- Machinery and Machine Guarding, general requirements (29 CFR 1910.212) [related OSHA Safety and Health Topics page]
- Electrical systems design, general requirements, general industry (29 CFR 1910.303) [related OSHA Safety and Health Topics page]
Frankly, there is a modicum of trust that people place in you when they invite you in to cover something so tragic as a fall death in the Entertainment Industry. Here’s how an industry writer does it; now Alexandra, I totally respect the way you do things in every instance except for this one, but here’s an opportunity to learn how to deal with this industry. This is from Jacob Coakley, one of the most prolific Entertainment industry writers to which I subscribe — this is from Jacob’s article Battle Tested:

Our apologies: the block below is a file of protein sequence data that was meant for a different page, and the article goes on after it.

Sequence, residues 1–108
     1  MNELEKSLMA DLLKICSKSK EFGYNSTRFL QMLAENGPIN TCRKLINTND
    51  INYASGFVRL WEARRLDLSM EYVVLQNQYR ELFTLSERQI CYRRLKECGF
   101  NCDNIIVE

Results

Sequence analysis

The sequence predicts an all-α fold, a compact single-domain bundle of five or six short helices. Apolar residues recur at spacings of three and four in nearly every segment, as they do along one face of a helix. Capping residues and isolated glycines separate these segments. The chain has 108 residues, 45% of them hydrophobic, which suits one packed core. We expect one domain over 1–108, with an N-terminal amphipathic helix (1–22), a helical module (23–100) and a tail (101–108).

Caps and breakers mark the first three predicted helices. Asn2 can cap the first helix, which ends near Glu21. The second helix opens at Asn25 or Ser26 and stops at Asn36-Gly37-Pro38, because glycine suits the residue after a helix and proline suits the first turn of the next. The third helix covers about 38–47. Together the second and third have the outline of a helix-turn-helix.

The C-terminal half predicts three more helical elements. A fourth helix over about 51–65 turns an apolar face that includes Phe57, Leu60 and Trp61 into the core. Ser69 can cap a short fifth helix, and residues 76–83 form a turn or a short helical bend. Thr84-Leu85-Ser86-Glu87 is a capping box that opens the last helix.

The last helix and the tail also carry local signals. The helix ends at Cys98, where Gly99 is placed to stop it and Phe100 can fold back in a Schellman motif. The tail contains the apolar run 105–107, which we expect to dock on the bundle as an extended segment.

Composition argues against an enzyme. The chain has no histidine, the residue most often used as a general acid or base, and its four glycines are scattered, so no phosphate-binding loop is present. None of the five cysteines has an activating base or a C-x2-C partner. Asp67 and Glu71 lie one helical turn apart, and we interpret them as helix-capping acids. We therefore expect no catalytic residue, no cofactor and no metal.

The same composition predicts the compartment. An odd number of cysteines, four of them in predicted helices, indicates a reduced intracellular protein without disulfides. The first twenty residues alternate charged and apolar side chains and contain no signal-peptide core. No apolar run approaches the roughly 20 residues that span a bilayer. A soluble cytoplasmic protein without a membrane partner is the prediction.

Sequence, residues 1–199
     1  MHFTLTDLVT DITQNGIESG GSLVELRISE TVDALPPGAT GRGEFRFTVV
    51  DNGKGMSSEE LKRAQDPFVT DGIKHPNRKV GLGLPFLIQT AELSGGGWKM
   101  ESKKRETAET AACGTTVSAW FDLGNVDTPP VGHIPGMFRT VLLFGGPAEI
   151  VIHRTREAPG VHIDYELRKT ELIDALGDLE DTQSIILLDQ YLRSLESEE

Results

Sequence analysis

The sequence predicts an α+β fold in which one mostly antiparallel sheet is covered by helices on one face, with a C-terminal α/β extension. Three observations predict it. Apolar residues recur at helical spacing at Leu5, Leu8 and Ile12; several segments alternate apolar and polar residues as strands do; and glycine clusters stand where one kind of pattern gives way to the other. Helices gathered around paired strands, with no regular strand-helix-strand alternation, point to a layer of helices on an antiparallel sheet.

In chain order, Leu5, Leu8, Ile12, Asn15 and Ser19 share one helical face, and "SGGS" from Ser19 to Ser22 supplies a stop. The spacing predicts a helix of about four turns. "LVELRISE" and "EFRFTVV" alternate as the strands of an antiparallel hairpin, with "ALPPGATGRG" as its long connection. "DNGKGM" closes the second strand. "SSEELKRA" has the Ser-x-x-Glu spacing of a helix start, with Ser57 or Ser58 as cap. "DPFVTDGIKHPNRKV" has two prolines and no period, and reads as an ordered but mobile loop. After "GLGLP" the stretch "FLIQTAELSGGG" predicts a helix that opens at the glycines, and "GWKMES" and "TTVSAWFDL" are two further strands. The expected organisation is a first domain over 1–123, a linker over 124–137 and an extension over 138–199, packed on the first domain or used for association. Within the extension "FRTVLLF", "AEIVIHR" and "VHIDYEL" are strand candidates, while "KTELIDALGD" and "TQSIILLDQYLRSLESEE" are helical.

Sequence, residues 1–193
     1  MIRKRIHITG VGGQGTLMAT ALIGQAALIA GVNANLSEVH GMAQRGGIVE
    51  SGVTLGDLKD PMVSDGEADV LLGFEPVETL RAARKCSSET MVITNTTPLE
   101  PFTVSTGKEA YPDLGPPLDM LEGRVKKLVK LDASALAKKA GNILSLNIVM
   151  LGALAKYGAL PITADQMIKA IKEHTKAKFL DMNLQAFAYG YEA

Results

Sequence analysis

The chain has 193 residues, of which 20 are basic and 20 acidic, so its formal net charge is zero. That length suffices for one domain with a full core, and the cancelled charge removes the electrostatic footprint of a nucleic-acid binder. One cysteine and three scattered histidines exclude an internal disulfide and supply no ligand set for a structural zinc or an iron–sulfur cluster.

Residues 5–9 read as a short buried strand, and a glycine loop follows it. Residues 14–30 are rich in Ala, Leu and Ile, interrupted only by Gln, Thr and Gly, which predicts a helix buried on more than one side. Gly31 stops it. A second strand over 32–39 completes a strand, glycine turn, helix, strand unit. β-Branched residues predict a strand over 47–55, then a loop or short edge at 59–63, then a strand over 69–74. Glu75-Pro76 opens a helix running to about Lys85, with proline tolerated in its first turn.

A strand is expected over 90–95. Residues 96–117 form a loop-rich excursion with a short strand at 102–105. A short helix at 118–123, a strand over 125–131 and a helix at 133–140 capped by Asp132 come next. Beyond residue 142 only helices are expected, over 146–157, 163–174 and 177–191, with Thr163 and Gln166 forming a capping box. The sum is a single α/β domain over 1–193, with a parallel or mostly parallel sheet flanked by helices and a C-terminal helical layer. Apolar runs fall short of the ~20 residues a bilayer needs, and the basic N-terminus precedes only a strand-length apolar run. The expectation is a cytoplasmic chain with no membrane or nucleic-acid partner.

So what did Cirque do to insure an accident like this couldn’t happen again? The first and foremost factor in the accident was the speed at which Guillot-Guyard was ascending. Cirque has completely eliminated the possibility for performers to gain that speed. The final fly-out of artists off the top the platform is now fully automated, with limiters on the speed at which an artist can approach the grid. “This involves a zone large enough under the grid that no one can enter above a specific speed without being governed. If they do run to the zone at full speed, the software shuts them down.” And there’s a second software system monitoring the limiting software—if the first doesn’t shut down in an over-speed situation then the second one kicks in. “This can react quicker than a person on an emergency-stop switch, although we still have those in place, too, during the act,” adds Pearson.